Data is the new millennium’s commodity, and the primary export of the Digital Age. We have entire industries that are now built on its retrieval and analysis, and everyone from retail titans to small business startups rely on it to some degree. As much as data can build a company, losing critical data can not only cost a company hundreds of thousands of dollars, but can also damage its reputation and waste precious time in recovery attempts.
How does data loss cause system downtime, and how can system downtime be mitigated? The following is an evaluation and explanation of what causes data loss and what it can mean for companies, big and small.
What causes data loss?
The most scandalous and oft-reported cause of data downtime are attempts at stealing, breaching and otherwise hacking company data. Usually through malware, ransomware, or card skimming, hackers can access and disseminate crucial information that can not only damage your company’s reputation but also risk customer information and create a crisis communication nightmare. As the risk for both personal and enterprise data breaches increases, security from hackers should become a priority for IT professionals.
While enterprise hacking is certainly on the rise, the majority of data loss, however, can be attributed to much less malicious means. Operational errors and systems failures make up 46% of data loss situations and cause the bulk of system downtime. Equipment failure and server crashes can send your company scrambling for hardcopies and old backups. If these alternatives aren’t maintained (or worse, aren’t in place at all), recovering and rebuilding crucial documents can stall projects and waste manpower.
Fires, floods, and other natural disasters rank number two when it comes to data loss, and are the cause of about 36% of all data loss problems. Recovering crucial company data from a natural disaster may seem like an afterthought in the scope of physically rebuilding your office and ensuring that your employees are safe. However, it is imperative to incorporate data recovery into your disaster plan to actually help ease your company back the transition back to normalcy.
Finally, human error makes up about 19% of data loss situations, and can be anything as mild as accidentally spilling your coffee over your computer to as severe as deleting entire databases off of a server. If employees are not aware of security and safety procedures, your company can be at risk for an accidental systems malfunction.
What are the risks of data loss?
From a strictly monetary standpoint, downtime caused from data loss can cost a company $42,000 per hour on average, and this is only in terms of mission-critical data. Per incident, mission-critical data recovery costs a company an average of $341,000. Beyond the numbers though, attempts at recovering mission-critical data substantially slows employee production, which turns attention away from prospective business opportunities and ultimately potential revenue. This can exacerbate an already financially stressful situation.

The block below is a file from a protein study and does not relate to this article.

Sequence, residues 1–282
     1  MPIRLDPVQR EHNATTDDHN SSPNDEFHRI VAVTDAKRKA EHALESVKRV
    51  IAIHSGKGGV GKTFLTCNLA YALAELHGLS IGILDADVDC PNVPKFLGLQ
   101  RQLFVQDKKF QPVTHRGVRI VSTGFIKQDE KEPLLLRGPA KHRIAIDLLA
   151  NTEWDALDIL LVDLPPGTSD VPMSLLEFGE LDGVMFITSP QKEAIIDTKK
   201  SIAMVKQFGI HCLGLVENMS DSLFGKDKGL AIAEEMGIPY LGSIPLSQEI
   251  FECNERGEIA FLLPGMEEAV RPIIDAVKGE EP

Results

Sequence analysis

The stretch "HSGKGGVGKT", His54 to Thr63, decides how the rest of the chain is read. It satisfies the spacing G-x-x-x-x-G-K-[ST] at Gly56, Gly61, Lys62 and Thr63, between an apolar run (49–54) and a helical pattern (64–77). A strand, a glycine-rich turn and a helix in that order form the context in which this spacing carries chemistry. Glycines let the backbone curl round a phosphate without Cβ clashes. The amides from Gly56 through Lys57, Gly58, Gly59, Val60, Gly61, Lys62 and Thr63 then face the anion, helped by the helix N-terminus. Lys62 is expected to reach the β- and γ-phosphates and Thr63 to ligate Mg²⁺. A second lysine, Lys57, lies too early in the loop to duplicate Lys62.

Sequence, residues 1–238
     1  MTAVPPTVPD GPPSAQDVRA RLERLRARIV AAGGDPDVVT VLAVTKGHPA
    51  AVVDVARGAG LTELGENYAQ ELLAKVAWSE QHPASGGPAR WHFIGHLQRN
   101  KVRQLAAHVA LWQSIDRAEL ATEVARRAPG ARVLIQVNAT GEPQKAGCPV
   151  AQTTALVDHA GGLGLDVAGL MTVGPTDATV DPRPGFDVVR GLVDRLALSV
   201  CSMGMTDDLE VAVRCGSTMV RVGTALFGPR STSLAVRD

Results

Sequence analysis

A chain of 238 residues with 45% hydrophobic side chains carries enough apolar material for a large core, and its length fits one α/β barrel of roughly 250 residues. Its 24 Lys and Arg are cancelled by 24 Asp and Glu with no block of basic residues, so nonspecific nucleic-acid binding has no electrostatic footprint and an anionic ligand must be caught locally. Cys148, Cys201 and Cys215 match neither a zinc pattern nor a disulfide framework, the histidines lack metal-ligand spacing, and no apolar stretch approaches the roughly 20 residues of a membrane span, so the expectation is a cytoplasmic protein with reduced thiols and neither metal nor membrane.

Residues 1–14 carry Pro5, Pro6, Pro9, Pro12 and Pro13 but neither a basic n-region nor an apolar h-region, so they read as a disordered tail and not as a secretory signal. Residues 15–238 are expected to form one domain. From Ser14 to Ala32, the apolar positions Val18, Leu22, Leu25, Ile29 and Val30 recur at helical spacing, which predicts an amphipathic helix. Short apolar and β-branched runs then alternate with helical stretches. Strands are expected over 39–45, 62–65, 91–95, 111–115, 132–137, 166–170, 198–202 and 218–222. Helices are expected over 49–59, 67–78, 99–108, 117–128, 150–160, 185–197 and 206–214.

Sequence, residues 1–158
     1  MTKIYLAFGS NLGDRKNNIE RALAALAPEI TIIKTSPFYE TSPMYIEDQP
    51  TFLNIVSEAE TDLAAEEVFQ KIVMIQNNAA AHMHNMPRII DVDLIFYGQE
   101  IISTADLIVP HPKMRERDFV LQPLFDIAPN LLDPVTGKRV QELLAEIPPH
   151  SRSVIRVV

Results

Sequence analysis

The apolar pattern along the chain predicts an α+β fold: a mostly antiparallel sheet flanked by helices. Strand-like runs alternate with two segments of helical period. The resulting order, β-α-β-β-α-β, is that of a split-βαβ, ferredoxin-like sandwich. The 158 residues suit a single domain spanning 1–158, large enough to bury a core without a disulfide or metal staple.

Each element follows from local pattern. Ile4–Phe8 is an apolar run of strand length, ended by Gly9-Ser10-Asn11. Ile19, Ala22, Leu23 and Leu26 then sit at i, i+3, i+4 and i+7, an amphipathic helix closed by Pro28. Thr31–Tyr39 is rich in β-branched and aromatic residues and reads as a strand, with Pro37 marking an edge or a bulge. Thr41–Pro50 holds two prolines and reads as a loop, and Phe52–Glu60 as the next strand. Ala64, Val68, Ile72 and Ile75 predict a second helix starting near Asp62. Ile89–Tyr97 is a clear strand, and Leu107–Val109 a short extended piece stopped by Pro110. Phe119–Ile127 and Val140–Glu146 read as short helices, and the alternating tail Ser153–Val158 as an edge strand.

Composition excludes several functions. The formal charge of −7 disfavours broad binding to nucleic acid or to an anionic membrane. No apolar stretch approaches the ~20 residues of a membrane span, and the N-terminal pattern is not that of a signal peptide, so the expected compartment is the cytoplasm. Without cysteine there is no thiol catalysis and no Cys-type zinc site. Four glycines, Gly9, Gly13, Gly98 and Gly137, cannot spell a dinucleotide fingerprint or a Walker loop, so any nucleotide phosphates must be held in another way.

Moreover, a costly and delayed reaction to data loss and system downtime can be damaging to your reputation. Employees, deflated by the extra work needed to duplicate and recover crucial data, may be less enthusiastic to clock in to their job. Customers and clients may be less inclined to work with a company that was careless in handling sensitive information. Partners may view your company as more of a risk. While you may be able to gain revenue back, returning trust on all fronts can be an excruciatingly long-term process.
What prevents data loss?
Two simple actions can be taken to prevent critical data loss and reduce system downtime:
First, establish multiple data backup components for your company data, with one secure data backup somewhere off-site. Many IT professionals adhere to the 3-2-1 rule: backup 3 different copies of important documents in 2 different formats with at least 1 of your backup files saved in a server off-site. This ensures that, should your office suffer from physical damage, crucial data will be saved safely away from the site and available for you to restore.
Second, set-up routine backup schedules for primary and tertiary data and make sure key personnel adhere to them. Many backup services allow you to automate a backup process regularly, but manually checking your backup files every now and again is recommended to ensure that essential files and programs are both backed up and up-to-date.
The following infographic from data backup expert, SingleHop, further outlines what your company risks when data is not backed up routinely. Remember: if data is the digital currency that keeps your company afloat, your company is then truly only as good as its last backup. The best way to defend yourself from system downtime is to have a preventative backup plan in place.